Tip #2 - HF Antenna - NVIS type - 2006 Design

NVIS Antenna KitAs shown in the picture to the left, I made a few minor changes to the original design of this NVIS antenna kit. I replaced the hammer-in support rope stakes with a screw-in variety. At first I thought that they wouldn't be able to withstand the torque or pullout stress. A few tests showed me I was wrong. They are easy to use and easier to remove from either soft or hard soil while still supplying enough strength so that they won't pull out like a conventional stake might.

The picture also shows the kit without the coax cable and ground reflector system that were a part of my other pictures. I did this to give you a better view of the antenna, itself. The ground reflector system is very important in creating the RF waveform needed for NVIS signals and I have designed a reflector system which is easy to deploy yet suits the ground conductivity of our area. It took many field strength experiments to come up with the ideal reflector design.

There are three antenna supports, all of which are 5 feet tall when assembled. This height, after field testing, I feel is not only RF adequate to create the "half grapefruit" lobe needed for communications within a 400 mile circular range but it also makes the antenna easier to handle and construct. With this height above ground, it also means that it lessens the reception of both static crashes AND European broadcasters on 40 meters making it very valuable during emergency communications in south Texas. If every emergency communications operation in south Texas, that used HF, were wise enough to also use the same type of antenna system it would make a very reliable communications web between all counties. I have also designed a NVIS antenna system which will create the same radiation pattern when it is installed on the roof of a building, such as at an emergency operations center. The reflector system is completely different to compensate for "pooling" and nearby metal structures.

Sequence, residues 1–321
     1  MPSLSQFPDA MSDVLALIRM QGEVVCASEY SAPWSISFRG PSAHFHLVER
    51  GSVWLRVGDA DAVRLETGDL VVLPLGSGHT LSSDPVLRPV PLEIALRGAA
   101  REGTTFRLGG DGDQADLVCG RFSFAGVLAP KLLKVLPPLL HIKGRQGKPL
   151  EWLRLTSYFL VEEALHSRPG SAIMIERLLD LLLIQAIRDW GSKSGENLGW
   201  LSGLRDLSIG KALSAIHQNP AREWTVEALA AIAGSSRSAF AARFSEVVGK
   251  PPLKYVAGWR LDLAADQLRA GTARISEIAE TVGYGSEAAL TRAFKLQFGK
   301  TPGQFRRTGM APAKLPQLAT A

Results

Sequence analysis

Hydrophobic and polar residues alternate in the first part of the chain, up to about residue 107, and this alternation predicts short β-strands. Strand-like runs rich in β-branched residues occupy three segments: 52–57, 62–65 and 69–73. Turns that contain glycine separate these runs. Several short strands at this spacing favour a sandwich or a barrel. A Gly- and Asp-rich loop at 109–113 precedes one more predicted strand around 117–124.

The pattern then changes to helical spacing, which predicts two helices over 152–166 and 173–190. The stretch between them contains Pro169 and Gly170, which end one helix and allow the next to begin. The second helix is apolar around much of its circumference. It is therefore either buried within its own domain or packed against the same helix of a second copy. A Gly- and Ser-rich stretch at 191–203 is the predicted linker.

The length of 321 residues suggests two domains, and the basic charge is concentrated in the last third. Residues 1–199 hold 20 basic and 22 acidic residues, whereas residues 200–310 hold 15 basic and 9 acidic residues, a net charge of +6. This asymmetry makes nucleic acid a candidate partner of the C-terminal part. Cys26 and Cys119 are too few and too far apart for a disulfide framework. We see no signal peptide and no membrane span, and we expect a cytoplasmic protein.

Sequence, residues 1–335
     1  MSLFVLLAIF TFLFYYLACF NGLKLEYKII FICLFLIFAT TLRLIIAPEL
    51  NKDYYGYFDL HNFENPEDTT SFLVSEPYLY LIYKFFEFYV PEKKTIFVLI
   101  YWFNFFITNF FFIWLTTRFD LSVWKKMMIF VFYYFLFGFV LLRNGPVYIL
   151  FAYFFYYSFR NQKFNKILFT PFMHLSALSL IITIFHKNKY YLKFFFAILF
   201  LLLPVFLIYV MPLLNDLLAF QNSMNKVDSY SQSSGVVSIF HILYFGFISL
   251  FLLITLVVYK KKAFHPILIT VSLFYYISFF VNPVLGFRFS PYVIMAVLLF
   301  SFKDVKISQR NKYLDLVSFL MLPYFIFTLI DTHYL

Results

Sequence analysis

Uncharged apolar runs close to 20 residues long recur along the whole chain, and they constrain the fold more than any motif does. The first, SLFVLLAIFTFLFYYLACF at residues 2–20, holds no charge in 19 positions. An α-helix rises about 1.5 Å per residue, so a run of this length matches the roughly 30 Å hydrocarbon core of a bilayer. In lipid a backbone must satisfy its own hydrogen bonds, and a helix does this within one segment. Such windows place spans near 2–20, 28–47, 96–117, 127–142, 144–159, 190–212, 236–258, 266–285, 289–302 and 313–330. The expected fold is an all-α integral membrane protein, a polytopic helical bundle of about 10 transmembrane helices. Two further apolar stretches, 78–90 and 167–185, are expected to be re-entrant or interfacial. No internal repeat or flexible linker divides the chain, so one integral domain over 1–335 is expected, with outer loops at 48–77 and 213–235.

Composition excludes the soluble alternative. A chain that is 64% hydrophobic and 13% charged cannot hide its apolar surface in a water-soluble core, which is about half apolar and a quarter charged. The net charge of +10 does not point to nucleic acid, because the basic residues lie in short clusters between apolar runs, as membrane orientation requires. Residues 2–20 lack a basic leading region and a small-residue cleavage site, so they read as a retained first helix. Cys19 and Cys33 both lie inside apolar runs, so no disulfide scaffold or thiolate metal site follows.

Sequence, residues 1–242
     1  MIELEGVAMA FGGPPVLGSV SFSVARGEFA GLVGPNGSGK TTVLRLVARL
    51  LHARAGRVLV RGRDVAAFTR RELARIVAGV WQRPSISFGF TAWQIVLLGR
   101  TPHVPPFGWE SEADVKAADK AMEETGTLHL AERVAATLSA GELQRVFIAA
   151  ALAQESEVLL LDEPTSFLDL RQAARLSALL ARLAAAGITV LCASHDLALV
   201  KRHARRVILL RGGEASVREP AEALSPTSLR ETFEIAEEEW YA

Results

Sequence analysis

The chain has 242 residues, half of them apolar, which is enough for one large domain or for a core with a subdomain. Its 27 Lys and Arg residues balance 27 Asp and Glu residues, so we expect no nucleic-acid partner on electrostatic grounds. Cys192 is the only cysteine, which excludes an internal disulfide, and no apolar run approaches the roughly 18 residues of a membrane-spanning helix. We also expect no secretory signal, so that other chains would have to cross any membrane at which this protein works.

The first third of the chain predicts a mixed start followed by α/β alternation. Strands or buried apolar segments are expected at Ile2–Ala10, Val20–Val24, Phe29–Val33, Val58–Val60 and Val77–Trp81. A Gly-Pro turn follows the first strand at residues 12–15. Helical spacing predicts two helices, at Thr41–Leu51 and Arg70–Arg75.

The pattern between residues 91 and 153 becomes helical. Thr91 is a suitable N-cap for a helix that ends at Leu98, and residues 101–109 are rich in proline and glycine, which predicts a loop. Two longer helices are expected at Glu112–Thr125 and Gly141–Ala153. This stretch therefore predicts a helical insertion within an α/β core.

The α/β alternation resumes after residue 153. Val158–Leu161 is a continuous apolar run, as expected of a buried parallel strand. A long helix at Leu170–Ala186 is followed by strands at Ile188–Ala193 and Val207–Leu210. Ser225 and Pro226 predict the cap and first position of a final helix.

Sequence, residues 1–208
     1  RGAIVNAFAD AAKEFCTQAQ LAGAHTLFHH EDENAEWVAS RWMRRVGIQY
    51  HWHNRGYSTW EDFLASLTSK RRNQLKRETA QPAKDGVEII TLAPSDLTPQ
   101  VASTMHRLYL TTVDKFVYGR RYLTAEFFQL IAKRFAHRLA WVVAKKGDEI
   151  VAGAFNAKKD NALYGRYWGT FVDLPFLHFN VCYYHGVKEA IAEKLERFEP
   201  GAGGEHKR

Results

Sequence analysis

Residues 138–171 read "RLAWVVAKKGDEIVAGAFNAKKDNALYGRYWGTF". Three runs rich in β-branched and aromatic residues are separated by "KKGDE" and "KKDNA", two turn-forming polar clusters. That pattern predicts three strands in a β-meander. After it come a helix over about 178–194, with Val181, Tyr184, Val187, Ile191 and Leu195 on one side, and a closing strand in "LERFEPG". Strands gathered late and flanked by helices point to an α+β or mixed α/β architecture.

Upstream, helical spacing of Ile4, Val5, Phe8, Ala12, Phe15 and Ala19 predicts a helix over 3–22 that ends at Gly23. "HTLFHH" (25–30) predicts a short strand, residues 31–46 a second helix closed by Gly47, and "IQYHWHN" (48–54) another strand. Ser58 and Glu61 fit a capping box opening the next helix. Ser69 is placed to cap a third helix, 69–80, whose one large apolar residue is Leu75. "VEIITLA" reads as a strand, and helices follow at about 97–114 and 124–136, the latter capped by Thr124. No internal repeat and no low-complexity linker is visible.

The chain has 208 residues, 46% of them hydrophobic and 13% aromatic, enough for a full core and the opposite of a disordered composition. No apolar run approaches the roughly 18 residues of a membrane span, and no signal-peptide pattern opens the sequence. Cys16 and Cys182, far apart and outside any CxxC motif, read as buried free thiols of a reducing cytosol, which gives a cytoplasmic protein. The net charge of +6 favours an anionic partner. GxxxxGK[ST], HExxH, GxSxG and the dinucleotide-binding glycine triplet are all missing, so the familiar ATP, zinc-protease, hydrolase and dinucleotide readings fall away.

Visit for more details, construction instructions and full parts list for building your own portable Texas NVIS Antenna. 73 de Bob W2IK



Tip #3 - HF Antenna - ENVIS type - 2007 Design

ENVIS W2IK AntennaW2IK's latest Emergency Near Vertical Incident System Antenna Design. The total weight, including the container is 12 pounds. This is the third such antenna I've sent to ARES units for beta-testing. To see how this antenna was constructed, just go to for a parts list and step by step construction details.

Most NVIS antenna systems consist of dipole antenna positioned at a low height so that it's radiated waveform covers a limited area, usually under 500 miles or so. This method also inhibits the reception of unwanted signals such as international broadcasters on 40 meters. By being able to change the height you can change the transmission and reception pattern to maintain emergency communcations in an area while avoiding unwanted signals and noise such as "static crashes" caused by distant lightening. Usually you have to use a tuner to match the antenna and transceiver when operating NVIS as one antenna might be used on frequencies from 3.6 - 7.3 MHZ.

This is my newly designed NVIS antenna system which can be quickly deployed to supply regional communications during an emergency. It's height above ground level can be easily adjusted to limit or extend signal range by simply twisting the three support poles to loosen, change the height of each and then twist in the other direction to lock in place. There are less parts than my first NVIS antenna kit so you don't have to be an engineer to assemble it. This is a temporary field antenna setup and should not be thought of as a lasting installation.